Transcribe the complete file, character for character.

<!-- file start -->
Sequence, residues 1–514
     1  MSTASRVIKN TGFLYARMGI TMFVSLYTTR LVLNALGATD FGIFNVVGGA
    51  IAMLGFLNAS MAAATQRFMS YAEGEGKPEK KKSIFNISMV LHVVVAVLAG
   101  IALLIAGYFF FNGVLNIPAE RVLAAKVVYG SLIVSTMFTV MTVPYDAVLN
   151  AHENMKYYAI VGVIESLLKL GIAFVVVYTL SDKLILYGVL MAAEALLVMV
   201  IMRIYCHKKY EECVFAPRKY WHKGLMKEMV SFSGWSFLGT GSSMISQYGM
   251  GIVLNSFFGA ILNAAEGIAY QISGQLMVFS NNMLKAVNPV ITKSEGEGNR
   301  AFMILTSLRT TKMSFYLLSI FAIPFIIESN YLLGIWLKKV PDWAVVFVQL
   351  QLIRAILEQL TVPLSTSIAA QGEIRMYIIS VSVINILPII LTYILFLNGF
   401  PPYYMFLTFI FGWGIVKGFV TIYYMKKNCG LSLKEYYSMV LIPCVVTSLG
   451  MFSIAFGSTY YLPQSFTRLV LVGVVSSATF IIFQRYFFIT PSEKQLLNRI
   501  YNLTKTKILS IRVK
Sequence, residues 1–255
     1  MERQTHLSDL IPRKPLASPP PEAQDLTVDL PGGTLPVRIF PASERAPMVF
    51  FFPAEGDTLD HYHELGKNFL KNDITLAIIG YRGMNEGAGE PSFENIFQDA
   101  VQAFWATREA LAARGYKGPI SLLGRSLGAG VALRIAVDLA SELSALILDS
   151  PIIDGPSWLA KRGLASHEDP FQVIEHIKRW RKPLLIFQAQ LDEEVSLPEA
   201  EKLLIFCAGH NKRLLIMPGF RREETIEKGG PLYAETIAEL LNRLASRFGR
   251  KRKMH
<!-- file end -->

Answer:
Sequence, residues 1–514
     1  MSTASRVIKN TGFLYARMGI TMFVSLYTTR LVLNALGATD FGIFNVVGGA
    51  IAMLGFLNAS MAAATQRFMS YAEGEGKPEK KKSIFNISMV LHVVVAVLAG
   101  IALLIAGYFF FNGVLNIPAE RVLAAKVVYG SLIVSTMFTV MTVPYDAVLN
   151  AHENMKYYAI VGVIESLLKL GIAFVVVYTL SDKLILYGVL MAAEALLVMV
   201  IMRIYCHKKY EECVFAPRKY WHKGLMKEMV SFSGWSFLGT GSSMISQYGM
   251  GIVLNSFFGA ILNAAEGIAY QISGQLMVFS NNMLKAVNPV ITKSEGEGNR
   301  AFMILTSLRT TKMSFYLLSI FAIPFIIESN YLLGIWLKKV PDWAVVFVQL
   351  QLIRAILEQL TVPLSTSIAA QGEIRMYIIS VSVINILPII LTYILFLNGF
   401  PPYYMFLTFI FGWGIVKGFV TIYYMKKNCG LSLKEYYSMV LIPCVVTSLG
   451  MFSIAFGSTY YLPQSFTRLV LVGVVSSATF IIFQRYFFIT PSEKQLLNRI
   501  YNLTKTKILS IRVK
Sequence, residues 1–255
     1  MERQTHLSDL IPRKPLASPP PEAQDLTVDL PGGTLPVRIF PASERAPMVF
    51  FFPAEGDTLD HYHELGKNFL KNDITLAIIG YRGMNEGAGE PSFENIFQDA
   101  VQAFWATREA LAARGYKGPI SLLGRSLGAG VALRIAVDLA SELSALILDS
   151  PIIDGPSWLA KRGLASHEDP FQVIEHIKRW RKPLLIFQAQ LDEEVSLPEA
   201  EKLLIFCAGH NKRLLIMPGF RREETIEKGG PLYAETIAEL LNRLASRFGR
   251  KRKMH